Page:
Devon shops share struggles of Covid pandemic

Food and drink firms in and around Plymouth have voiced their concerns, experiences and victories as part of a campaign to find out the effect of Covid-19 on the local industry.

The #DevonSpeaksUp campaign is an initiative from Food and Drink Devon, who are a not-for-profit membership organisation that supports the county’s food and drink sector.

Ahead of the anniversary of the first lockdown, Food and Drink Devon members were asked to share any positives that they can take away from this experience as well as highlighting any further help that they will need to get the region’s food and drink industry back on track.

Among the results were some frank and honest responses on the difficulties – but with many businesses also saying they have learned and achieved more in one year than at any other time.

Natalie Emery, owner of Cakewhole, a cake and coffee shop in Stoke, said: “The past year has challenged us but we’ve come through it.

“Covid meant that with each lockdown our wholesale business disappeared almost completely and so we have had to refocus the business and boost the retail side of things both in terms of turnover and our range of products.

“This has required a lot of thinking on our feet to increase our flexibility and allow Cakewhole to react to sudden change in the business environment.”

Cakewhole owner Natalie Emery, right, with baker Megan James
Cakewhole owner Natalie Emery, right, with baker Megan James
(Image: Penny Cross / Plymouth Live)

“We have always felt it important to be integrated with our community, but the past year has strengthened those ties enormously and we have had fantastic support from local customers,” she added.

“In return we’ve supplied them with all the cake they can eat and the odd bit of counselling!

“We’ve also strengthened our links with local small businesses, both suppliers and customers and there has developed a real feeling of us all looking out for each other.

“It hasn’t always been easy but with a lot of hard work, plenty of head scratching and laughter and the odd tear, we’ve stayed open and kept everybody in a job. And we’ve enjoyed it!”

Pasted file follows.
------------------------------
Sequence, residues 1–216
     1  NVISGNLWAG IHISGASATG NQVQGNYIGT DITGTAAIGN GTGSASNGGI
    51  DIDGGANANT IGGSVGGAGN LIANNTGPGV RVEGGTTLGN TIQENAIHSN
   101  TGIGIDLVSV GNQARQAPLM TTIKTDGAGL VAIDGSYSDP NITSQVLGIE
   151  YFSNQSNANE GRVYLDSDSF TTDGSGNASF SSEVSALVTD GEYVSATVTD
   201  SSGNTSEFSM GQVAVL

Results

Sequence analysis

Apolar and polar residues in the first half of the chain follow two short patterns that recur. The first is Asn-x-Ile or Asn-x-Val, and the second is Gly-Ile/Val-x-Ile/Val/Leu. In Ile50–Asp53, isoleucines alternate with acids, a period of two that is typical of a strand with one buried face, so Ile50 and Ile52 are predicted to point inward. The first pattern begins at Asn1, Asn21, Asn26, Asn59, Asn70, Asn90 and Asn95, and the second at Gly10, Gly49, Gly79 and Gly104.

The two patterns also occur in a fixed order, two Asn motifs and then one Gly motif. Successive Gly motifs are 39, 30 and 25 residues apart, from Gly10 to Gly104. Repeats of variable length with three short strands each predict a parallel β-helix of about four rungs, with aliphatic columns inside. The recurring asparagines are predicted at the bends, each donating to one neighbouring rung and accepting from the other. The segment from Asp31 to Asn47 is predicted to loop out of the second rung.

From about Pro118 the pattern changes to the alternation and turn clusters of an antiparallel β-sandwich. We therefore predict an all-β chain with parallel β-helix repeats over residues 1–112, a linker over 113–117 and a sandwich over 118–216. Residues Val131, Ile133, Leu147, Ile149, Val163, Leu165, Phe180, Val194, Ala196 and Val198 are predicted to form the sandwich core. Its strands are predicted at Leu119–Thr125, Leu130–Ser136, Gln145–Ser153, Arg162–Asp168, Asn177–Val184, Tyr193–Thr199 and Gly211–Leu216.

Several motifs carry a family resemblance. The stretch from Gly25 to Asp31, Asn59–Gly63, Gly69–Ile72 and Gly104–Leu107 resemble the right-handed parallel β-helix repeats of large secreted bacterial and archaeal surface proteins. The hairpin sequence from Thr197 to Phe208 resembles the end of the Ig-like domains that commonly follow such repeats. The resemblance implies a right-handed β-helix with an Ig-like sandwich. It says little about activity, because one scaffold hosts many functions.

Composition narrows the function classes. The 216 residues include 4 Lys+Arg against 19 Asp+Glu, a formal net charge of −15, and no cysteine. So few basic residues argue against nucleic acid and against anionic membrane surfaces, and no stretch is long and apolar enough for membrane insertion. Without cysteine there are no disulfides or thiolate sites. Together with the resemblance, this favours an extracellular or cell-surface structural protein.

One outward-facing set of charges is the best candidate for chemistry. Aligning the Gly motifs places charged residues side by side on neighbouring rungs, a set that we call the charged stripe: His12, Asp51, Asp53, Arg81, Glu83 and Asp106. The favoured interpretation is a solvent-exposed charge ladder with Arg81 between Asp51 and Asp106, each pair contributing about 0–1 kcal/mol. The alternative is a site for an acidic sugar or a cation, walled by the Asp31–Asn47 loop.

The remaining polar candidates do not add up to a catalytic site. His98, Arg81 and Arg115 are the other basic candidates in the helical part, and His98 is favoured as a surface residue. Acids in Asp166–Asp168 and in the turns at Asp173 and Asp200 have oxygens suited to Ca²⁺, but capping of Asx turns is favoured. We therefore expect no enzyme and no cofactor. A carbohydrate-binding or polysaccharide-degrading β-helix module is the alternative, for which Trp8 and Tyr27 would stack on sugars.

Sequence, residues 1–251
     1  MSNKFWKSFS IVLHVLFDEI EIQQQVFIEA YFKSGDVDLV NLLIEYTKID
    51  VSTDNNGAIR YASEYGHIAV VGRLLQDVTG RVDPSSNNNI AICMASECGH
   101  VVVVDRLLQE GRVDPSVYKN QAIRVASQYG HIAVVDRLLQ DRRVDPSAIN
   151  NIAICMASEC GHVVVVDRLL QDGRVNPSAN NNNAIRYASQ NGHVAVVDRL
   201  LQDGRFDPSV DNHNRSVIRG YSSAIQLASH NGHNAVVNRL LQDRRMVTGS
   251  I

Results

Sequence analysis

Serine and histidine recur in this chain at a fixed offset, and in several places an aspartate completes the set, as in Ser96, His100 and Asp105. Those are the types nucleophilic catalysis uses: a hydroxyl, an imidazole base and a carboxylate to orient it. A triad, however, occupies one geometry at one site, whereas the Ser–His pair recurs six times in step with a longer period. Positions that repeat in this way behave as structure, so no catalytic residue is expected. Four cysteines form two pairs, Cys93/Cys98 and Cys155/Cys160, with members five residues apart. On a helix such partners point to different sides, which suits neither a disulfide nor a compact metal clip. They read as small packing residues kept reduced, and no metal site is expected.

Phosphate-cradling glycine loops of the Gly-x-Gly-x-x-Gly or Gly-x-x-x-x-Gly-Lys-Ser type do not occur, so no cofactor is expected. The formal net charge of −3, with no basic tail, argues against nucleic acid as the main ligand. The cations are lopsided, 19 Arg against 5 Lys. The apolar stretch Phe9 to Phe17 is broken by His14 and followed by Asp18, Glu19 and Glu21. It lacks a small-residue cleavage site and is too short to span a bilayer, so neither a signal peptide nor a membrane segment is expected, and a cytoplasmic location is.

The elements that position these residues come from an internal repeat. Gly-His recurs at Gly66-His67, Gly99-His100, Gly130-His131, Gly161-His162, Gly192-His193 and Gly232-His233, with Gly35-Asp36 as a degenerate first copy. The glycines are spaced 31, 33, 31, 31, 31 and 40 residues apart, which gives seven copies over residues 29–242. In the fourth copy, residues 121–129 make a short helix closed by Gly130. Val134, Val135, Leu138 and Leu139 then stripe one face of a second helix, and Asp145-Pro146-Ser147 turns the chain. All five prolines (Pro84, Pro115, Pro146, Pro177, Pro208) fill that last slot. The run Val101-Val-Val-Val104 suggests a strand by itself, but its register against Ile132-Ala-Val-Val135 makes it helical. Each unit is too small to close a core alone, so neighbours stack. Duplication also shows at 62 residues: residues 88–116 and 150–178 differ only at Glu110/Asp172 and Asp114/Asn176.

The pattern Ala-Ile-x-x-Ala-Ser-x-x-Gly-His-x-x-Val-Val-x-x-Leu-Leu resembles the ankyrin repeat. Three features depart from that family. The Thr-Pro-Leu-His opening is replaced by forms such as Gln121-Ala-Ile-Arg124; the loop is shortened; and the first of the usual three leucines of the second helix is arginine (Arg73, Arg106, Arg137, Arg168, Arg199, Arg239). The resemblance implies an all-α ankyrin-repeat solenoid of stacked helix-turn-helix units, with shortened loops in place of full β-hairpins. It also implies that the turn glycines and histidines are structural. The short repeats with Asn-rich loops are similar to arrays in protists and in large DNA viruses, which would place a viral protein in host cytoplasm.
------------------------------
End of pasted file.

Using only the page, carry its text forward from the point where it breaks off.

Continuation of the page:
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One of the largest firms included in the survey, Langage Farm, was represented by managing director Paul Winterton.

Mr Winterton said it has been more of a case of looking after their staff, whether that was through bonuses, food hampers or simply being honest on the firm’s situation.

Paul Winterton, managing director at Langage Farm

He said: “I think the biggest hurdle was the managing of peoples uncertainty deriving from the confusing government messages from time to time during this crisis.

“We have seen people’s worries regarding childcare, financial concerns if they can’t work, and mental stability suffer.

“We have given bonuses to support financial needs.

“Distributed foods hamper to furloughed staff and offered support financially for furloughed staff. We have also kept people fully up to date with business growth and had an honest colloquy with them during this time ensuring they have a voice.”

Mr Winterton also said that empathising with staff had been among his own personal lessons.

He said: “I think the biggest issue to come out of this is understanding the needs of staff and empathising with their situation.

“I have seen staff genuinely worried and close to tears when partners’ income have dried up and they worry how bills are to be paid.

“We often don’t consider that, which in all honesty gives me a severe guilt problem.

“We really need to consider the welfare of people who are the foundation stones of any business, as well as small businesses who are the catalyst for our success.

“These businesses have been devastated with little support offered. If they do not bounce back then the effects on the local economy will be vast for the next five years at least.”

Howard Davies, founder and director of Salcombe Distilling Company, in the South Hams, said his firm polished their offering of online demonstrations, tastings and gin schools – and even developed and launched a new non-alcoholic spirit during lockdown.

“The pandemic has definitely made us more efficient and better at working from home,” he said.

“This will remain useful even when things return to normal.”

Howard Davies and Angus Lugsdin, founders of the Salcombe Distilling Company
Howard Davies and Angus Lugsdin, founders of the Salcombe Distilling Company

He continued: “Developing and launching our new non-alcoholic spirit ‘New London Light’ despite the significant impact that Covid-19 placed on our supply chain, partners and clients was by far our biggest hurdle during 2020.

“This was achieved by hard work from our brilliant team and great support from external parties.”

Mr Davies also said that businesses had come together as a result of the pandemic.

He said: “I’ve been very impressed by the support and collaboration across businesses to help everyone get through this, particularly those in the hospitality sector for whom it has been especially difficult.

“I knew there was good cross business support in Devon, but this has far exceeded expectations.”

Plymouth Live